Budgeting Tips for Low Income Families
Living month to month, pay day to pay day, can be a monotonous slog akin to constantly swimming against the current. However, it’s a reality for many British families. A worrying 20% of British families have an ‘absolute’ low income once housing costs are taken into account. Many of us need to know how to get out of debt on a low income.
It rapidly becomes a case of sink or swim, with those sinking falling in to a vicious cycle of debt. Debt can have a devastating impact on families, and whilst it is sometimes unavoidable, avoiding getting to the point of needing an IVA or Protected Trust Deed is advisable but its hard to know how to get out of debt on a low income which is why budgeting tips for low income families are really important to share.
I hoep these Budgeting Tips for Low Income Families help:
Track Your Spending
This is a vital part of how to get out of debt on a low income. Before coming on to our second tip, you’ll need to implement our first. Spend around 6 weeks tracking your spending. Record everything you spend no matter how big or small. Face up to your bank statements and use them to help you make sense of where your spending is happening. By the end of the 6 weeks you should have a clear picture of what’s coming in, and what’s going out. Make sure you include all household bills, leisure costs, travel, and even those random cups of coffee. This is the first of our important Budgeting Tips for Low Income Families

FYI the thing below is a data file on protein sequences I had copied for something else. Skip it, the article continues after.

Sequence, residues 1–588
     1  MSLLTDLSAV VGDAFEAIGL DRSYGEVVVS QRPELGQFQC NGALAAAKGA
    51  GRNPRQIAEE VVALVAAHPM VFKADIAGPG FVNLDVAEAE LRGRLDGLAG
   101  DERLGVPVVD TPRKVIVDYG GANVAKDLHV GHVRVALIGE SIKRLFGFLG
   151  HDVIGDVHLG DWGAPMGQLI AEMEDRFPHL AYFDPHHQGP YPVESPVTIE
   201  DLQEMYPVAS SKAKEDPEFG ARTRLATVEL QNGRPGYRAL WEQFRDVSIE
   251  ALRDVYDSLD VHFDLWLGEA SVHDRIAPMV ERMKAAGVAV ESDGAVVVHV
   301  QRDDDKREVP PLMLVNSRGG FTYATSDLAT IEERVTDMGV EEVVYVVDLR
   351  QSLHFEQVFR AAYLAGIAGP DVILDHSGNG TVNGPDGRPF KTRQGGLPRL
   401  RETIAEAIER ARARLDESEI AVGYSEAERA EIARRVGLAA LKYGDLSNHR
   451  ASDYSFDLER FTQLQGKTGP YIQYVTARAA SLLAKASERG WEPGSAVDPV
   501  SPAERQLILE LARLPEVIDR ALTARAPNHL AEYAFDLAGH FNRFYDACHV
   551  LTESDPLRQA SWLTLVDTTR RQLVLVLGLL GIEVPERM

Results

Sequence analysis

Make a Budget
Yes, our second budgeting tip for low income families is to in fact have a budget. You won’t be able to keep a tight rein on your spending otherwise, and you can quickly haemorrhage funds without realising. However, if you’ve tracked your spending, and cut your budgetary cloth to fit, then you’re on the right path. You may need a reality and attitude check here – it’s not about being restrictive, but instead giving you the financial freedom that puts you in the driving seat.
Tackle Debt First
If you end up with an IVA or Protected Trust Deed, it’s not the end of the world – but do try to avoid it by prioritising debt and always tackling it first. This includes all loans and credit cards, and make sure you focus on those with higher interest first. Remember that debt breeds debt, so if you can stay away from the red zone as much as possible this will help you no end.
Stop Accumulating Debt
It’s no use tackling the debt if you don’t change your credit-using ways. Whilst debt isn’t all bad, the simplest way to stop it getting on top of you and impacting on your budget as a low income family, is to simply refuse to entertain it as a guest. Your grandparents were right when they told you not to spend what you don’t have.
Look at the Big Spenders
Most people find that there are certain key contenders when it comes to eating up the family budget. Typically for most families the big whammy is housing costs. If you can shave 1% off the big costs, this will make a much bigger impact than 10% off a small cost. So think outside the box and see if you can reduce accommodation costs. You may be able to remortgage for less, or for cheaper rates; you may be able to move into more affordable housing; or you may even be able to get a lodger in and contributing to the bills.